The Dead, which had seemed so lackluster when I was straight, pounded on the sides of my head with their music.
Then from somewhere beyond the room, I heard the sound of sirens, and jumped up to look out the window where I saw a dozen police cars pulling up in front of our building and dozens of cops pouring out to come get me.
I ran to the door.
Everyone in the room turned to look at me as I fumbled with the door knob I could not manage to turn. None of them had moved. George told me to calm down, saying there were no police. My throat went dry as panic rushed into my head. People had talked about people losing their minds on LSD. Louise touched my arm. I told her I was scared, but didn’t bother telling her that the walls were melting and that flames shot around me, scorching my skin. I told her I had to leave, and she nodded, helping me on with my coat. The smell of lint was suffocating.
“We have to find Hank,” she told me as we made our way into the hall and down the stairs to our first floor apartment.
But I was too scared to face the street and the walk around the block from 5th to 6th street. Looking out the glass door, I could see the cars turning into beasts with gapping, hungry mouths looking to feed on me. I knew too well about the muggers and rapists, and thought I could not protect Louise if any came after her. And I told her I couldn’t face them.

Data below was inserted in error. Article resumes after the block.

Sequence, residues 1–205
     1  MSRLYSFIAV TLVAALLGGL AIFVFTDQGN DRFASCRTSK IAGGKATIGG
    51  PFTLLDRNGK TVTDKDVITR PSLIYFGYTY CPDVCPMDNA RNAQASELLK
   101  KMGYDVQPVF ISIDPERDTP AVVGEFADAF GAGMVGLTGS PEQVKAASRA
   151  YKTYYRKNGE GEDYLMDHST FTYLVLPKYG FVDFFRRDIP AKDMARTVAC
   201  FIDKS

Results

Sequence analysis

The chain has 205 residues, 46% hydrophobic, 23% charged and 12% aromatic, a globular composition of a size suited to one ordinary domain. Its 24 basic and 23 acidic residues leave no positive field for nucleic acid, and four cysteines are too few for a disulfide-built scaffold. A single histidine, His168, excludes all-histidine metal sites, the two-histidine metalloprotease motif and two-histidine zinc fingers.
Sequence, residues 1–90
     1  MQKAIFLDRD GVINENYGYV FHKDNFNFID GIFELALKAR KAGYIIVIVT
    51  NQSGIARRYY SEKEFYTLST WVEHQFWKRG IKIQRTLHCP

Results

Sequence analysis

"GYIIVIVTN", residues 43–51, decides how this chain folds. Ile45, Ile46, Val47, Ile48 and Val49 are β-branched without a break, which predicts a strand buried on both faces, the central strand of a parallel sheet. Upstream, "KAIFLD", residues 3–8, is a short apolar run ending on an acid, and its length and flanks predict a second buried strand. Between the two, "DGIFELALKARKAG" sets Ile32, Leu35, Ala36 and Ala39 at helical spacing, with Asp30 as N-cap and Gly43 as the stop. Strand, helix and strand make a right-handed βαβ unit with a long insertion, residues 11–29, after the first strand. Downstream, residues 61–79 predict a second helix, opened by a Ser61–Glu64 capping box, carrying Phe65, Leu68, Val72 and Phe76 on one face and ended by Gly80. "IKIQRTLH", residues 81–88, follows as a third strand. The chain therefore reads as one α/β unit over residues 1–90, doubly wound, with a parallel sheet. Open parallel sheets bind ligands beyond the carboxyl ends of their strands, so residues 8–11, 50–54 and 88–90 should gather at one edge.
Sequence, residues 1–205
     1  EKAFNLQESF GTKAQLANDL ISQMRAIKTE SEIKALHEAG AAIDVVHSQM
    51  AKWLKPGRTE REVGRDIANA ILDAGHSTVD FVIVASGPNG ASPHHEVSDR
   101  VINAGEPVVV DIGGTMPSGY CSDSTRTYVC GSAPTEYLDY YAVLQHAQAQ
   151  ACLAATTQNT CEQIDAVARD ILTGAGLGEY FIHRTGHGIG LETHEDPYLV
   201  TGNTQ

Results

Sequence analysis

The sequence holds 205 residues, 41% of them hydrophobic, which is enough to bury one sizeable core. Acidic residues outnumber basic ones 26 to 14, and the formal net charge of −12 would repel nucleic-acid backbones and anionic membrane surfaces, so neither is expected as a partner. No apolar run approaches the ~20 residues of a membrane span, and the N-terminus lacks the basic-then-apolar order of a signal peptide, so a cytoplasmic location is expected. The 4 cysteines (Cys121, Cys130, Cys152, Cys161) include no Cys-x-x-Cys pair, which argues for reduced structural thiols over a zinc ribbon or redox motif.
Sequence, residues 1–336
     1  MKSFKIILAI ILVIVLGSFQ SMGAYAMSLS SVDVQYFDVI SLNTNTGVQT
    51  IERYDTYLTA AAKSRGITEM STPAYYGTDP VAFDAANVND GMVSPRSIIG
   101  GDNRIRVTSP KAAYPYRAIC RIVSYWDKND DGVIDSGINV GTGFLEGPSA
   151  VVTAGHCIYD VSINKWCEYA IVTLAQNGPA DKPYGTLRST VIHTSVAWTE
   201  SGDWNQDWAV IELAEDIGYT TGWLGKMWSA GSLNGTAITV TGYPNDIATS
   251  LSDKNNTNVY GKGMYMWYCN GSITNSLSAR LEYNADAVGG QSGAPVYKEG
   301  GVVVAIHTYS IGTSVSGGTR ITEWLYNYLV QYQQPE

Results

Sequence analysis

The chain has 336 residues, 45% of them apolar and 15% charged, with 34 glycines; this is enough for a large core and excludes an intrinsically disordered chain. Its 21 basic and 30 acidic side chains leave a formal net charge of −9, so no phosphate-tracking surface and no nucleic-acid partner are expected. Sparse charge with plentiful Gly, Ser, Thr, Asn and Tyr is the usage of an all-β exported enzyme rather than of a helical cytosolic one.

She looked scared; I said I might be able to sleep it off, when I didn’t know if sleep was possible at all.
The drug was rushing through me like a freight train its whistle blowing steam out of both my ears.
“Monee,” she said, referring to a local prostitute who had befriended us. “She can get you something to bring you down.”
Hope surged in me thinking that Monee’s Black Panther friends would have something to relieve me of this madness.
So when we got out onto the street, we turned right instead of left, heading into an area of The Lower East Side that was as dangerous as any part of the city, a hostile world full of even greater madness that would crush us if we made it too obvious as to how vulnerable we were. The dark brick tenement buildings bled from suddenly exposed veins. Grim faces appeared in the brick, grinning at me, or crying with some private agony I did not understand.
Was this what my mother had gone through during her years of madness, seeing walls turn into people and people into walls, losing touch with feelings and senses and thoughts. I remember when I was nine she thought the walls were talking behind her back, plotting doom against us.
I clutched Louise’s arm as we passed doorway after doorway, one more ominous than the next, each revealing the red eyes of some beast ready to leap.
A year earlier, I had seen similar eyes in similar animals staring at me from the back of a van in Phoenix, the same drug pulsing through my veins at the time, not so terrifying them as they were now.